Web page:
Here on campus, Project Bridge is a student organization that aims to bridge the gap between biomedical science and the general public. On April 16th, Project Bridge sponsored a Science Café event about multiple sclerosis (MS). MS is a disease that involves the central nervous system and results in damage to the myelin sheaths that cover nerves. This damage results in common early disease symptoms, such as numbness, weakness, tingling and problems with vision. However, the disease course is variable, with some who are more severely affected than others.
This event was held at Red Emma’s and featured a talk by Nicoline Schiess, M.D., M.P.H., an assistant professor of neurology at Johns Hopkins. Currently, Schiess spends part of the year in the United Arab Emirates (UAE), where her research focuses on the prevalence of MS in the Middle East. MS affects more than 2.3 million people worldwide. Previous studies had shown that it was more prevalent in northern latitudes and less prevalent in the Middle East and Africa. However, such statistics could be confounded by a bias in diagnosis.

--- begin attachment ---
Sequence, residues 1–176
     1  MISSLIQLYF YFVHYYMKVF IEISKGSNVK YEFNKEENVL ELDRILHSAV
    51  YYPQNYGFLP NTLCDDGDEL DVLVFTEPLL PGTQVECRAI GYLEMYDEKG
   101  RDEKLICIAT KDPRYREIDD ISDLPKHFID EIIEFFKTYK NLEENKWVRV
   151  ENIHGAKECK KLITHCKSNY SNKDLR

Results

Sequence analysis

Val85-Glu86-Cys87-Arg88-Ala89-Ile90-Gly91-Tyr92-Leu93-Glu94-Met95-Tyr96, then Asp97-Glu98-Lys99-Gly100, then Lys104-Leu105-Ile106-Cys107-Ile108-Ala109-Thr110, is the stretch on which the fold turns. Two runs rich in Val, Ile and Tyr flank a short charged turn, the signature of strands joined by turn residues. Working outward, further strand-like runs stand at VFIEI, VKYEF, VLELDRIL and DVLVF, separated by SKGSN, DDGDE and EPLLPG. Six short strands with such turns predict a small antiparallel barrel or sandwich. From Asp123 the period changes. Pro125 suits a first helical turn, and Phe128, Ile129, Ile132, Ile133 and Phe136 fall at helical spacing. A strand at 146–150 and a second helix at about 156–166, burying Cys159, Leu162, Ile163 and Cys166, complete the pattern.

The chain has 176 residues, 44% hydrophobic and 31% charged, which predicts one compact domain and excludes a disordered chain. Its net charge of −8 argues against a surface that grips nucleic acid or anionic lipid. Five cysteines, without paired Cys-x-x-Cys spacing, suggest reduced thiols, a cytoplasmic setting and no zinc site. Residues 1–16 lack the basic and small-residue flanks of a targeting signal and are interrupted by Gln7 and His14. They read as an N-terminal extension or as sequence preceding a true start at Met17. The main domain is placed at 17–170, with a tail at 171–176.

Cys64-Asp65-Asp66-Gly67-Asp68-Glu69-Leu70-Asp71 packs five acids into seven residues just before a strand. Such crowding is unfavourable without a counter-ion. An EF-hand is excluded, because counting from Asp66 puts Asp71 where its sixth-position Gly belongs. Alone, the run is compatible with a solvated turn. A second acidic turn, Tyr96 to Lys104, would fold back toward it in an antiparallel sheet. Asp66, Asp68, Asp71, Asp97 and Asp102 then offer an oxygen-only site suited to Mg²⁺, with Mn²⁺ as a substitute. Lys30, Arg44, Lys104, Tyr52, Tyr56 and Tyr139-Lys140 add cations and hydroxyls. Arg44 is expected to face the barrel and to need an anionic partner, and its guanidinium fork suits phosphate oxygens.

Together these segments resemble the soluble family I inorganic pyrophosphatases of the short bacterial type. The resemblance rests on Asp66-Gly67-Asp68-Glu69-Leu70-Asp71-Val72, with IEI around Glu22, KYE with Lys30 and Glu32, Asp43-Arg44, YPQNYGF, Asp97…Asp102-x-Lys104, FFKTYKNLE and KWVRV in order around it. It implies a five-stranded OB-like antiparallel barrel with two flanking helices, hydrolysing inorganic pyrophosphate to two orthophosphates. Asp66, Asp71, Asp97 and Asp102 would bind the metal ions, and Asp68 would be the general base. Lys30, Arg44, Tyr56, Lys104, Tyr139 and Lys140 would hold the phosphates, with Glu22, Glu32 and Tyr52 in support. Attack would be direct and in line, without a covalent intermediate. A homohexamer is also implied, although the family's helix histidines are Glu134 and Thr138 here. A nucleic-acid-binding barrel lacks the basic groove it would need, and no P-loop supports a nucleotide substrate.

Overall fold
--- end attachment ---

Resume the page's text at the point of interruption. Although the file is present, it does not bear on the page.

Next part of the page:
MS is diagnosed by a combination of the patient’s clinical history, a neurological exam and an MRI. Yet because MRIs are not as readily available in the Middle East as they are in the U.S., the number of people affected by MS in the Middle East could be underestimated. To address this, Schiess began an MS clinic in Dubai, and preliminary work has found a higher-than-expected number of patients with MS.
Beyond the difficulties with diagnosis, UAE patients have another hurdle they must overcome: a lack of resources that promote “patient empowerment.” According to Schiess, though there are similarities between her UAE patients and their U.S. counterparts—including MRI findings, disease symptoms and challenges associated with living their daily lives—a key difference is that “patients in the U.S. are empowered with knowledge.” They tend to be well-educated about their disease and proactively seek resources to manage the disease effects.
This empowerment is partially a product of patient-initiated foundations, such as the National Multiple Sclerosis Society, as well as many other smaller local and national groups. These groups provide educational resources for patients and their families, organize support networks, and fund both basic science and clinical research. In contrast, patients in the UAE have a harder time because of a lack of these resources and a continuing stigma associated with disability. However, the situation is improving.
As the event concluded, I felt I had learned more about MS, particularly outside of the U.S., and had an increased appreciation for how patient-centered groups can help empower patients with MS and their families.